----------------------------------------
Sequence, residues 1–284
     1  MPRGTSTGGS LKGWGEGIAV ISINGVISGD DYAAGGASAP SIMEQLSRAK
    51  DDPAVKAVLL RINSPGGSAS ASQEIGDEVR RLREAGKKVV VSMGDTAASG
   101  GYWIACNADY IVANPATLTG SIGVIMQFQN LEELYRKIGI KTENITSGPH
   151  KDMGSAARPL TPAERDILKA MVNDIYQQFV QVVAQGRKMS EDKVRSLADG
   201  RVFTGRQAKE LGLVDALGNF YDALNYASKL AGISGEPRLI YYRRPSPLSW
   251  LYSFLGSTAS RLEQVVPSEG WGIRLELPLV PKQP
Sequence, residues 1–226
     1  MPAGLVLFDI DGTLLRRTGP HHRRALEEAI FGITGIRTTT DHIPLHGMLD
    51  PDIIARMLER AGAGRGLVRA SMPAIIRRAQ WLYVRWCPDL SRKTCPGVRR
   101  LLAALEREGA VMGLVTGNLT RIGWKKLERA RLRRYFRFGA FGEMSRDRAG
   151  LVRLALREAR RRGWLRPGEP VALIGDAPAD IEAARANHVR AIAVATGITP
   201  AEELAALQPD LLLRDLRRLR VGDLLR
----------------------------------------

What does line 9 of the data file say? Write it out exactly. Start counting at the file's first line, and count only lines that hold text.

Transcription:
     1  MPAGLVLFDI DGTLLRRTGP HHRRALEEAI FGITGIRTTT DHIPLHGMLD